As far as converting the bridgeport (sorry, for some reason I just don't get the cnc lathe thing for most applications), well, I really like the big manual machine, and I don't want to loose that. I'm not sure that it would be a good candidate either, with the DRO and some care the worn 1960 vintage machine can do some really nice work, I don't see it working well CNC without some tuneup or more likely rebuilding
I was in the same place you are. I really want a 4x4 joe's machine but I really don't have the space right now and the time & $$$ I know I'd want to put into getting one going. I looked at what I really want to do right now is make some smaller parts and John's Microcarve machine (link posted above) fit most of my needs. Buying it allows me to dive into the cnc world a lot faster then building a bigger machine. John is a great guy to deal with.
If you go with a microcarve machine just add stepper kit from say 3-Axis CNC Stepper Motor Driver Kits you can get them a ready to run. And you'll be off and running. Or if a bigger machine is a must Fine line has complete kits. Home : Fine Line Automation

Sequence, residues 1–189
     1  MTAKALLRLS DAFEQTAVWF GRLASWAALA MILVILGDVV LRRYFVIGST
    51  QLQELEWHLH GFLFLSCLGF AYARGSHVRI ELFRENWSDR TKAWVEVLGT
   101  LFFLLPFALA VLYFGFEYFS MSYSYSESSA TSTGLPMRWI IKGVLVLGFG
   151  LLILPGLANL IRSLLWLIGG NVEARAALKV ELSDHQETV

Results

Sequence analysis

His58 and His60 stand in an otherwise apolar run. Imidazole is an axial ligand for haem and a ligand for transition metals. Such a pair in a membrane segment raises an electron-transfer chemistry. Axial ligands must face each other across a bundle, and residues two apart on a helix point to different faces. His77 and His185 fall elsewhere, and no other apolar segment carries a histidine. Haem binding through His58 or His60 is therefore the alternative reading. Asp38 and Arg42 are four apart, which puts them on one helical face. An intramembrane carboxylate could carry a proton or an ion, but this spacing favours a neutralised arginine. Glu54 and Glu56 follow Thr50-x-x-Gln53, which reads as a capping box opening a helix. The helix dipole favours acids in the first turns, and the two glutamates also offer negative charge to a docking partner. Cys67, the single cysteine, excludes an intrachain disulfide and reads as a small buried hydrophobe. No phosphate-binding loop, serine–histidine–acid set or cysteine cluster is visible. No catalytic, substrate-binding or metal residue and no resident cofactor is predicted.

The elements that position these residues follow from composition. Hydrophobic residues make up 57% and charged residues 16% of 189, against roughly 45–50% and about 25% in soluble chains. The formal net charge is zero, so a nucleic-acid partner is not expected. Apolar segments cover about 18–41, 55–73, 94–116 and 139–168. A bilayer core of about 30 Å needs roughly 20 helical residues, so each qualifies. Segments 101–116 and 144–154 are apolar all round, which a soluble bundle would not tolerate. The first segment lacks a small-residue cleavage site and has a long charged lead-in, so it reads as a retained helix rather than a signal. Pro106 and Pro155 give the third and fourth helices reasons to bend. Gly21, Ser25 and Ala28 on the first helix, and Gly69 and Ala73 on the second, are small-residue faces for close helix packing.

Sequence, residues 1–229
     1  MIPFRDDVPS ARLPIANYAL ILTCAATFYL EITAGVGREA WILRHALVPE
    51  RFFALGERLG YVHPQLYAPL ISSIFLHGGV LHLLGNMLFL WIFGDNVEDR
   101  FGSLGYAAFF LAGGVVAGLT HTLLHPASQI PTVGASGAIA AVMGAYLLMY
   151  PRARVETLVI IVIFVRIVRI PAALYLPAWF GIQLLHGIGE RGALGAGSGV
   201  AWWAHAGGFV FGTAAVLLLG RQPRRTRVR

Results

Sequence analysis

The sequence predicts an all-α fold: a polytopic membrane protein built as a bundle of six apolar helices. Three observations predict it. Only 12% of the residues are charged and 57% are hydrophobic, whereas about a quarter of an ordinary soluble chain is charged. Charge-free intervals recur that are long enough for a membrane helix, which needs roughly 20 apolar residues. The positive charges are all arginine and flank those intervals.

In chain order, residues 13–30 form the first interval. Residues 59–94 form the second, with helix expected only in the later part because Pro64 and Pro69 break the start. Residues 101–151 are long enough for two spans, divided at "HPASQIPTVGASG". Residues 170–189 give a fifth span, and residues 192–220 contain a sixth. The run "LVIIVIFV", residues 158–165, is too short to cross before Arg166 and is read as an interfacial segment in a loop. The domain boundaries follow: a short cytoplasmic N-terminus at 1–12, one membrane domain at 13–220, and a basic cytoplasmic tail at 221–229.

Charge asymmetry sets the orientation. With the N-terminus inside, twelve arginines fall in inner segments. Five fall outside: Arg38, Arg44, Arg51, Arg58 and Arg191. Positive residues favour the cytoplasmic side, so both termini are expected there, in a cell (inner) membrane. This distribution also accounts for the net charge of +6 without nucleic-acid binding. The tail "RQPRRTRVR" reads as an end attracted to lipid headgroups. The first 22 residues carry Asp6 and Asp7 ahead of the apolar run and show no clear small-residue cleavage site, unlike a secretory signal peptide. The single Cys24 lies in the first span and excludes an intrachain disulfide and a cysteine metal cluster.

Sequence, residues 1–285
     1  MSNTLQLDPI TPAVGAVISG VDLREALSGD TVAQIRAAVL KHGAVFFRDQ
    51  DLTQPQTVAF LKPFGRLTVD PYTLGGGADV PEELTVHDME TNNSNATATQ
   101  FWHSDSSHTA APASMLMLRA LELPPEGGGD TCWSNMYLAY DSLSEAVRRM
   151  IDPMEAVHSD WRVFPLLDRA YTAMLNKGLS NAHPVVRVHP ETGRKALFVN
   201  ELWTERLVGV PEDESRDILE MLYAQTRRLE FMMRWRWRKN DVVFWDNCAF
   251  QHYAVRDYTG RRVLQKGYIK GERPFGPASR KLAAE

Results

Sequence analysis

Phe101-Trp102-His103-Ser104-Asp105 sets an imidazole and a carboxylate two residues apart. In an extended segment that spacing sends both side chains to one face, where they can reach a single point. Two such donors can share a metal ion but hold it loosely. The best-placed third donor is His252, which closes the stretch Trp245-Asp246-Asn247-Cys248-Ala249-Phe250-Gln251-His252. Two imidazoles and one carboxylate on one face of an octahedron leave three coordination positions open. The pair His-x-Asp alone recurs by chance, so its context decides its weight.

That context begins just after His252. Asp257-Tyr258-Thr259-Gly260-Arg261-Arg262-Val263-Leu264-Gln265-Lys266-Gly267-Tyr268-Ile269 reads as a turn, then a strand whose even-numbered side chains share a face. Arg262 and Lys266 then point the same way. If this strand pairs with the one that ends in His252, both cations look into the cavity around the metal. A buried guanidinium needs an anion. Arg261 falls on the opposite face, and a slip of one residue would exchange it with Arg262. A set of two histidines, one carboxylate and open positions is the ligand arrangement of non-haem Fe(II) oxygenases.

I think it's probably too small for what you want to do. My router has a 30 x 24 envelope and I cut mainly guitar parts. The early guitar bodies were rough bandsawed and then pin routered. Believe it or not, Peavey was CNCing guitar bodies as early as the 60s! Onsrud's inverted pin router made it safer, and some guitar shops still use them for bodies and necks. I'm always amazed however, what the CNC can do. What once took me 4 hours prepping and routing and shaping a body now takes under 30 minutes!